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Little is known about the Amazon-Berkshire-JPMorgan health care project. Photo: Chesnot/Getty Images

Optum is suing an executive who left the company to work for the new health care venture created by Amazon, Berkshire Hathaway and JPMorgan Chase. The lawsuit, first reported by STAT, alleges that his new employment "poses a direct threat to Optum’s trade secrets and other confidential information."

Why it matters: It's been a year since the three conglomerates promised to "disrupt" the health care industry with their venture. And the only thing we really know about it now is that Optum — the profitable and growing division of UnitedHealth Group that provides health care, data services and pharmacy benefits — views it as a competitor.

Details: Optum really doesn't want its former employee to work for this "ABC" venture, as it's been called.

  • The ABC company, which is supposed to be a nonprofit and is led by Atul Gawande, is currently registered as "TCORP62018 LLC."
  • The former Optum employee, David Smith, made $200,000 a year plus stock as a vice president of product strategy. The company accused him of printing materials with Optum's trade secrets and attending confidential meetings right before he resigned.
  • The top lawyers for UnitedHealth and ABC corresponded with each other over Smith's new employment. UnitedHealth wrote in a letter that Smith's "inappropriate conduct" could violate state and federal trade secrets laws.
  • ABC has not explicitly said what it will do. However, according to the lawsuit, Smith said his "initial tasks will be in-depth research focused on the delivery and costs of health care for the over 1 million individuals covered by the health plans of Amazon, Berkshire Hathaway and JPMorgan Chase" — indicating the venture will not be nearly as big or disruptive as some have made it out to be.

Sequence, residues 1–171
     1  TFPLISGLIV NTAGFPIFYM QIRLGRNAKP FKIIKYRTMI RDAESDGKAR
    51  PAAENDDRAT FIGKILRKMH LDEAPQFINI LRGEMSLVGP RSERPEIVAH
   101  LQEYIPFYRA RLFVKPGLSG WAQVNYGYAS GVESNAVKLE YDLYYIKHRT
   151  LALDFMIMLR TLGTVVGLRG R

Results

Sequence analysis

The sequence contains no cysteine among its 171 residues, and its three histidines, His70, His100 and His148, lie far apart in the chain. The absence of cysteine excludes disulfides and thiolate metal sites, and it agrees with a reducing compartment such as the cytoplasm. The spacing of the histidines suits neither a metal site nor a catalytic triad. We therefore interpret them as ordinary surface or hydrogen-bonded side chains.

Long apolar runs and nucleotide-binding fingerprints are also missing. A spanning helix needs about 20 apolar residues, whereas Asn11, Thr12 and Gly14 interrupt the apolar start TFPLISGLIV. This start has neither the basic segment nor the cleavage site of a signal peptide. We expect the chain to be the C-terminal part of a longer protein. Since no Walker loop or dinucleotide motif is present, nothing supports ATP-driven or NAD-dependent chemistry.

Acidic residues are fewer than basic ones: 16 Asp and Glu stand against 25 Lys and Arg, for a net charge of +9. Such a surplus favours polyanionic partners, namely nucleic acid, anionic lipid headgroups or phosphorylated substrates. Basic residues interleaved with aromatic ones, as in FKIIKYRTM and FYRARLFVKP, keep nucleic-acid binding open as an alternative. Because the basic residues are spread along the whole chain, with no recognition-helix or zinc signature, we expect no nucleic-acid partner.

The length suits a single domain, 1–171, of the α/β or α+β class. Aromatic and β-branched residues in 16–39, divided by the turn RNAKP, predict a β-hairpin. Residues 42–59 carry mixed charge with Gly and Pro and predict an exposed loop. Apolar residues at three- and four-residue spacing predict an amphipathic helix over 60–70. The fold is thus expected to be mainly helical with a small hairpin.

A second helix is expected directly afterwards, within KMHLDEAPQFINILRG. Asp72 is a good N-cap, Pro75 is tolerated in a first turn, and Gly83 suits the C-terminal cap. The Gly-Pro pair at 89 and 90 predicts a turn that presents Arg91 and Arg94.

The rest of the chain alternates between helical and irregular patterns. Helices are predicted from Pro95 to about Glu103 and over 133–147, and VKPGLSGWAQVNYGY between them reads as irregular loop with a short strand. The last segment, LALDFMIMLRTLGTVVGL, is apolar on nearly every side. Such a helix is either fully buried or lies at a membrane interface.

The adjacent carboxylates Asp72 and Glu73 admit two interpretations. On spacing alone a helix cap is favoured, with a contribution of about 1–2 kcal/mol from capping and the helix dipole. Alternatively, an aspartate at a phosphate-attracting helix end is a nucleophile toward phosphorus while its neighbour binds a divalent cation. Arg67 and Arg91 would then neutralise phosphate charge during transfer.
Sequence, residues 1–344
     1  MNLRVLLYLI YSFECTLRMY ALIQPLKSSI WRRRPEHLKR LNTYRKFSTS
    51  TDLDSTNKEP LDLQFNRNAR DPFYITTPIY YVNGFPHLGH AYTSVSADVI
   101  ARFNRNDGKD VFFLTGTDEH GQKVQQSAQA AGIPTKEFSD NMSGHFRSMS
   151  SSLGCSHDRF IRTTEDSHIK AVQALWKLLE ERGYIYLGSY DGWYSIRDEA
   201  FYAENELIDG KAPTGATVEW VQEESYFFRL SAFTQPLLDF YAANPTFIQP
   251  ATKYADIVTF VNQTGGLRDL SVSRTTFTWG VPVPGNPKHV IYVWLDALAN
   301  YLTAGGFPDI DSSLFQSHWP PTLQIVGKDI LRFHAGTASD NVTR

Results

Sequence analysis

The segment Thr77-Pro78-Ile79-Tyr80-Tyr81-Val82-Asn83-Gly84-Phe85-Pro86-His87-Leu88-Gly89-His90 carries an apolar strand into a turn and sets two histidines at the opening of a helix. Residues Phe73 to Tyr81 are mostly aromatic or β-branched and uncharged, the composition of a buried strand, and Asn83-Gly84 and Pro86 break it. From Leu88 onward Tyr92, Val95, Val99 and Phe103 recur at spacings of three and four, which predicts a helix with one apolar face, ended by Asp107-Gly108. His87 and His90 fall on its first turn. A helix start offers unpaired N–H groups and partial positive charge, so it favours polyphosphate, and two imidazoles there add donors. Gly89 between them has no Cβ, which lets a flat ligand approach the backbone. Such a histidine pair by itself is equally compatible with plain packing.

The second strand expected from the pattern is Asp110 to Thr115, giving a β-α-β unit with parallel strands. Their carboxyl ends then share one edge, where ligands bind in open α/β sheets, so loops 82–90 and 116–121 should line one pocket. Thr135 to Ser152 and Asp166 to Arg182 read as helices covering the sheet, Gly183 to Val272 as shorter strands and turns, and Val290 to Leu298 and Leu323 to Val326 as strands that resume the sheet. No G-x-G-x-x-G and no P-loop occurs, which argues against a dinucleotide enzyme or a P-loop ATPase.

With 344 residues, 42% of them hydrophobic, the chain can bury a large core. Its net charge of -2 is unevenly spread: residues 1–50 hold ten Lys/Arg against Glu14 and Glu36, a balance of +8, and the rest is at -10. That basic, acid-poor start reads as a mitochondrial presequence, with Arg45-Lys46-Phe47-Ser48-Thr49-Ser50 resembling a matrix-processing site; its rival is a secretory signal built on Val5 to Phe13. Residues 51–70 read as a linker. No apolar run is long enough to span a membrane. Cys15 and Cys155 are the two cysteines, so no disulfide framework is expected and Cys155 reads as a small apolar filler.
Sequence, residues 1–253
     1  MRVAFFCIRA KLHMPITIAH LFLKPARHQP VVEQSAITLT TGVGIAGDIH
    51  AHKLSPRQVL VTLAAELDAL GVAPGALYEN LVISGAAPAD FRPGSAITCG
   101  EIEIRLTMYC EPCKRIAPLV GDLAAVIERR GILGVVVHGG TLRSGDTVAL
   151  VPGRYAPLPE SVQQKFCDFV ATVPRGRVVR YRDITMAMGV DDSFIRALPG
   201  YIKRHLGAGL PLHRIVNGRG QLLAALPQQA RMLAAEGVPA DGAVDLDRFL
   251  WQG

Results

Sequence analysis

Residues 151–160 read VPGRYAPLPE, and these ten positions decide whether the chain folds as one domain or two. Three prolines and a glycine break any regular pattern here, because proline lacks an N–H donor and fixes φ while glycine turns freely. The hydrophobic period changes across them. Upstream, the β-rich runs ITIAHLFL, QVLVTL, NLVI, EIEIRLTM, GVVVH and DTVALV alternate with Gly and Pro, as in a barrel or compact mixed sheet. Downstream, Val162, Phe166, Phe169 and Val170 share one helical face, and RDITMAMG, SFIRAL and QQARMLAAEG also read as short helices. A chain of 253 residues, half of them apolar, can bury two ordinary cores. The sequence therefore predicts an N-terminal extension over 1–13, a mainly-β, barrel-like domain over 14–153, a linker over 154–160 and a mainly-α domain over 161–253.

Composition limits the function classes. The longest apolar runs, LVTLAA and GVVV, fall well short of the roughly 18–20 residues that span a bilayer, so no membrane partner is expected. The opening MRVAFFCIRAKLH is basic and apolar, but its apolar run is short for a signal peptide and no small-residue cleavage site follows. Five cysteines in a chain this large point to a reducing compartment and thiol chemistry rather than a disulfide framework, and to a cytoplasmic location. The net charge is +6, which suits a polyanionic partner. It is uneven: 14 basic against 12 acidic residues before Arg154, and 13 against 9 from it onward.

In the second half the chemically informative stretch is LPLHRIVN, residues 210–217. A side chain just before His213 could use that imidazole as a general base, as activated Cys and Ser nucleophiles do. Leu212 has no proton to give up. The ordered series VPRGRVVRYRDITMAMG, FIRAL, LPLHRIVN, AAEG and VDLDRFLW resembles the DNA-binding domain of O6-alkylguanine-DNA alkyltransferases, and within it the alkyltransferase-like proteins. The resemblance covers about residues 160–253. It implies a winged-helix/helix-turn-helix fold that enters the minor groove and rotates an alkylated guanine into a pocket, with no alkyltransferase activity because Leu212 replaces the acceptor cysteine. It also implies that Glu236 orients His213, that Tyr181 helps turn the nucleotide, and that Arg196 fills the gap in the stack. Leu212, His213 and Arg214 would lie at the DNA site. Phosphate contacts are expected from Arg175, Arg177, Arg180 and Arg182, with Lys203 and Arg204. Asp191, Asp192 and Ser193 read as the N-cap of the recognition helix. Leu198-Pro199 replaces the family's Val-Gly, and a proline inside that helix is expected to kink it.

Go deeper: Read the lawsuit.

Go deeper

Biden taps Brian Deese to lead National Economic Council

Brian Deese (L) in 2015 with special envoy for climate change Todd Stern (C) and Secretary of State John Kerry (R). Photo: Mandel Ngan/AFP via Getty Images

President-elect Joe Biden announced Thursday that he has selected Brian Deese, a former Obama climate aide and head of sustainable investing at BlackRock, to serve as director of the National Economic Council.

Why it matters: The influential position does not require Senate confirmation, but Deese's time working for BlackRock, the world's largest asset manager and an investor in fossil fuels, has made him a target of criticism from progressives.

Felix Salmon, author of Capital
25 mins ago - Economy & Business

The places regulation does not reach

Illustration: Aïda Amer/Axios

Financial regulation is not exactly simple anywhere in the world. But one country stands out for the sheer amount of complexity and confusion in its regulatory regime — the U.S.

Why it matters: Important companies fall through the cracks, largely unregulated, while others contend with a vast array of regulatory bodies, none of which are remotely predictable.

1 hour ago - Economy & Business

Boeing gets huge 737 Max order from Ryanair, boosting hope for quick rebound

Ryanair low cost airline Boeing 737-800 aircraft as seen over the runway. Photo by Nik Oiko/SOPA Images/LightRocket via Getty Images

Dublin-based Ryanair said it would add 75 more planes to an existing order for Boeing's 737 Max airplanes, a giant vote of confidence as Boeing seeks to revive sales of its best-selling plane after a 20-month safety ban following two fatal crashes.

The big picture: Ryanair's big order, on the heels of breakthrough vaccine news, is also a promising sign that the devastated airline industry might recover from the global pandemic sooner than expected.